ZoomCare, something besides a restaurant, now open on Broadway

This summer, we only partially were joking with the headline — Something besides a restaurant opening on Capitol Hill.

Wednesday, that something opened for its first day serving customers (patients?) on Broadway. Here’s the announcement from Portland-based ZoomCare about their new Capitol Hill clinic:

[Portland, OR] ZoomCare – an innovative provider of everyday healthcare based in Portland, Oregon – announced today that it will open its first neighborhood clinic in Washington State on October 5 in Seattle’s Capitol Hill neighborhood at 531 Broadway East. The new, advanced ZoomCare Capitol Hill clinic will be open seven days a week, 362 days a year. 

ZoomCare Capitol Hill will be staffed by David Feig, MD, Katie Shaw, FNP and Erin Grindel, PA-C. This year, Dr. Feig was named one of Seattle’s Top Doctors by Seattle Met Magazine [http://www.seattlemet.com/health-and-fitness/articles/2011-top-doctors-august-2011/21/]. 

ZoomCare caters to patients’ everyday healthcare needs, including care for a broad range of illnesses, injuries and preventive care. There are eight ZoomCare neighborhood clinics in the Portland, Oregon metropolitan area, with a ninth clinic to open later this year in Lake Oswego.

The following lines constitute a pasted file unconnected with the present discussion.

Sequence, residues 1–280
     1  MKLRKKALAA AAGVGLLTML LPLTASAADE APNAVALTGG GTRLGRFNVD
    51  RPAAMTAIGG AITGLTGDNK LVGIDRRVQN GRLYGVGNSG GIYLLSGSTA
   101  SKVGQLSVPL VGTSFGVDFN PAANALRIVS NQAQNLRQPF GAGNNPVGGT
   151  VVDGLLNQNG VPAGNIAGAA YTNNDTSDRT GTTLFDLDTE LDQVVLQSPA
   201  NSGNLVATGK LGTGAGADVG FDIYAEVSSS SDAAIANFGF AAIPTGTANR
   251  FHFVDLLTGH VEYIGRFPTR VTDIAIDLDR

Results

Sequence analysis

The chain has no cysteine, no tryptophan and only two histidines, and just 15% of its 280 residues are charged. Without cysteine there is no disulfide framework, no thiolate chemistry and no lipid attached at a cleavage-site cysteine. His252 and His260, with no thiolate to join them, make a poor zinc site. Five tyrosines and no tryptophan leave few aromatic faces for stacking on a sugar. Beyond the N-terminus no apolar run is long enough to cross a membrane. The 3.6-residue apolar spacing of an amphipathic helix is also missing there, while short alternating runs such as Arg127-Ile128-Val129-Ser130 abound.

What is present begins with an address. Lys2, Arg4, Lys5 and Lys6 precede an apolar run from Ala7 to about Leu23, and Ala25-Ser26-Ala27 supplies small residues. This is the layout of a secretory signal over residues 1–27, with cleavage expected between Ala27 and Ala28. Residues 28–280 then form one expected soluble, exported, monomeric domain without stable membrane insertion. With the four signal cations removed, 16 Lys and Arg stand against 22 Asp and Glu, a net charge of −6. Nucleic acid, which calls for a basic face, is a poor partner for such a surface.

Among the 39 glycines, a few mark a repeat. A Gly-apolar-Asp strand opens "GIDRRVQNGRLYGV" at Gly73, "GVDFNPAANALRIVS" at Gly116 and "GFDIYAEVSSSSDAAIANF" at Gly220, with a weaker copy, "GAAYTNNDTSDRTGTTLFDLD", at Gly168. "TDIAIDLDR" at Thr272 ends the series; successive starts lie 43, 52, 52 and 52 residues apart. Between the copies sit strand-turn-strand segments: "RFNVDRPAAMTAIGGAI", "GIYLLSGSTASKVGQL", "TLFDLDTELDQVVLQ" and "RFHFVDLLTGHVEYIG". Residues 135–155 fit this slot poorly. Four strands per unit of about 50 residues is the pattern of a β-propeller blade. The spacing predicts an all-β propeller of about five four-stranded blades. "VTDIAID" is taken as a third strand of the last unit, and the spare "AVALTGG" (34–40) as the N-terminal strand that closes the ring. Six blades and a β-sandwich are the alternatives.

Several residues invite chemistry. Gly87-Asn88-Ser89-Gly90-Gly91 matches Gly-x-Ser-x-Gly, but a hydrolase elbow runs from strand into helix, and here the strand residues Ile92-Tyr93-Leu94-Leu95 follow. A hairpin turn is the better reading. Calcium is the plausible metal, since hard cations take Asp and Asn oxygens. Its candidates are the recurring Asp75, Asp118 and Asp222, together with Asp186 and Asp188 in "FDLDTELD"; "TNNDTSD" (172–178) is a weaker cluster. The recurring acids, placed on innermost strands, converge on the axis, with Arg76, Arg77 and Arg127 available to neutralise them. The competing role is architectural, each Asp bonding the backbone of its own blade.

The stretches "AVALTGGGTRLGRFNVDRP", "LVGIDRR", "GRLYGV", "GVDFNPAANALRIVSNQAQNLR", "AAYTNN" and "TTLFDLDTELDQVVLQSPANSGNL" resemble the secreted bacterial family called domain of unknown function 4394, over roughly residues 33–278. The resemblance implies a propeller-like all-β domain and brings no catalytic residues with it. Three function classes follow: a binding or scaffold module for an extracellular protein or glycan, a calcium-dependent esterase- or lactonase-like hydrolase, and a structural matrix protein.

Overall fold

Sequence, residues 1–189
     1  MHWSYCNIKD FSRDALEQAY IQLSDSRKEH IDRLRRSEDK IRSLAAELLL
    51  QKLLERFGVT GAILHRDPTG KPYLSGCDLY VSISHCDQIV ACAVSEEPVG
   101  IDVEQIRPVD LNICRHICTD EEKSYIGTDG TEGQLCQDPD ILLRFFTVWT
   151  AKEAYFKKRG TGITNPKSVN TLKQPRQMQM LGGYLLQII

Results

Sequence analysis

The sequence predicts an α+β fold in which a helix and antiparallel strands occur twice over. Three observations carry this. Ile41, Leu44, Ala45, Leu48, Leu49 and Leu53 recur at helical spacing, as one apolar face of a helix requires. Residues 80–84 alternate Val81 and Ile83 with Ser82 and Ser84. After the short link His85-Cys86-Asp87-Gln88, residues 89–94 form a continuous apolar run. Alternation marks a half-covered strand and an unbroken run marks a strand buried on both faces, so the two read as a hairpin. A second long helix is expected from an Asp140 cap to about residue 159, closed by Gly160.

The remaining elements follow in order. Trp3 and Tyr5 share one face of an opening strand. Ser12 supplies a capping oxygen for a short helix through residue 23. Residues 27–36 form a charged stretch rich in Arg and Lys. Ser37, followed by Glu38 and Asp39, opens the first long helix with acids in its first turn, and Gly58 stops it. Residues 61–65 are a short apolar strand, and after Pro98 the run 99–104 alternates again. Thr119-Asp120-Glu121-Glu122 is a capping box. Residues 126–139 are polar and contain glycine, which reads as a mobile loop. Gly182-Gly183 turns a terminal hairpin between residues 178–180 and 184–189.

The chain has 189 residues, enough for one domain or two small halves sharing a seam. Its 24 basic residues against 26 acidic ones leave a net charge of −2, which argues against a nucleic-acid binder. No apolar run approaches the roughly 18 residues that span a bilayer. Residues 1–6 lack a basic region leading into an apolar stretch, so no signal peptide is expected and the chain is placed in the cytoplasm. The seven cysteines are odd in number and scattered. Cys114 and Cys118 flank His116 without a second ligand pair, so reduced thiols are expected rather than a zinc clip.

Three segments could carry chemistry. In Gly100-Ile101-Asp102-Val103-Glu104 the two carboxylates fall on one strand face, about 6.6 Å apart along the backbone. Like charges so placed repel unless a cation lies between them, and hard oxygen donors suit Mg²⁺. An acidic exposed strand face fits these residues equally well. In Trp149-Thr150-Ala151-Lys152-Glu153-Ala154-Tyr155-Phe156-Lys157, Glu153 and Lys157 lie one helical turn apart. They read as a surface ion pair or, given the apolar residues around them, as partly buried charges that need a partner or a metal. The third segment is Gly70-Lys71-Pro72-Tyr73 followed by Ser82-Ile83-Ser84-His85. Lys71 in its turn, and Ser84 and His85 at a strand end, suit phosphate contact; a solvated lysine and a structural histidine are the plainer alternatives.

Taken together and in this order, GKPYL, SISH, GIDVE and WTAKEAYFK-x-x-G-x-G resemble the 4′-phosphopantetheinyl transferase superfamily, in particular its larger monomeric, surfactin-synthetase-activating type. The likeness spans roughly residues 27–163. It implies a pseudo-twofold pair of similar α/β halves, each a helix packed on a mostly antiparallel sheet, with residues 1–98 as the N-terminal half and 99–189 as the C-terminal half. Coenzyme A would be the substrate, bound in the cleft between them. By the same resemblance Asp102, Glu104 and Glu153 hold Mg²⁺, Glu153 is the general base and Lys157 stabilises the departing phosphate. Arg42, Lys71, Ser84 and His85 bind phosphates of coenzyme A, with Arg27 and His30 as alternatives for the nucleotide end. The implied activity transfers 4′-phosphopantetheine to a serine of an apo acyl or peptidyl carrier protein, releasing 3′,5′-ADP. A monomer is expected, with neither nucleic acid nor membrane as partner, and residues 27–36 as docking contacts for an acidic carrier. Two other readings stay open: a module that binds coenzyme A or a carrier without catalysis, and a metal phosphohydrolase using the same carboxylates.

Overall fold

Check out www.zoomcare.com to learn more. 

ZoomCare services page lists a pricing structure that starts at $99 for self-pay (uninsured) visits and a menu of $20 add-ons for services like lab tests and vaccinations. 

Our visit Wednesday morning also revealed a shelf set-up featuring a selection of over the counter medicine and health goods just in case you don’t feel like stopping by QFC.

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5 thoughts on “ZoomCare, something besides a restaurant, now open on Broadway

  1. It’s an interesting idea, but I’m seriously not impressed by their refusal to accept any government health insurance programs. No Medicaid/Medicare/etc. means that the people most in need of quality health care will not be able to use this service.

    It sounds like their “innovation” is simply excluding high-risk and low-income populations.

  2. I’m not sure exactly why, but I’m not very supportive of a corporate, chain medical clinic…maybe because it seems to be all about the money, as evidenced by the policy not to accept Medicaid and Medicare patients. I also think that their basic appointment price is too high, and it is apparent that they will add-on other services if at all possible, at additional fees. I am appalled that the prices for simple immunizations are so inflated.

    A person would be much better off getting established with a primary care doctor who would get to know you and your medical problems…it would be better medically, and cheaper in the long run.

  3. Dear Calhoun,

    With encourage ZoomCare customers to get to know Dr. Feig, Erin Grindle and Katie Shaw who have the expertise to follow any patient’s care over an extended period. We have no intention of inflating fees or ordering unnecessary tests. Our goal is to provide great care at a fair, flat price–insured or self-pay. Prices at urgent care clinics or traditional doctor’s offices are generally much more expensive than ZoomCare.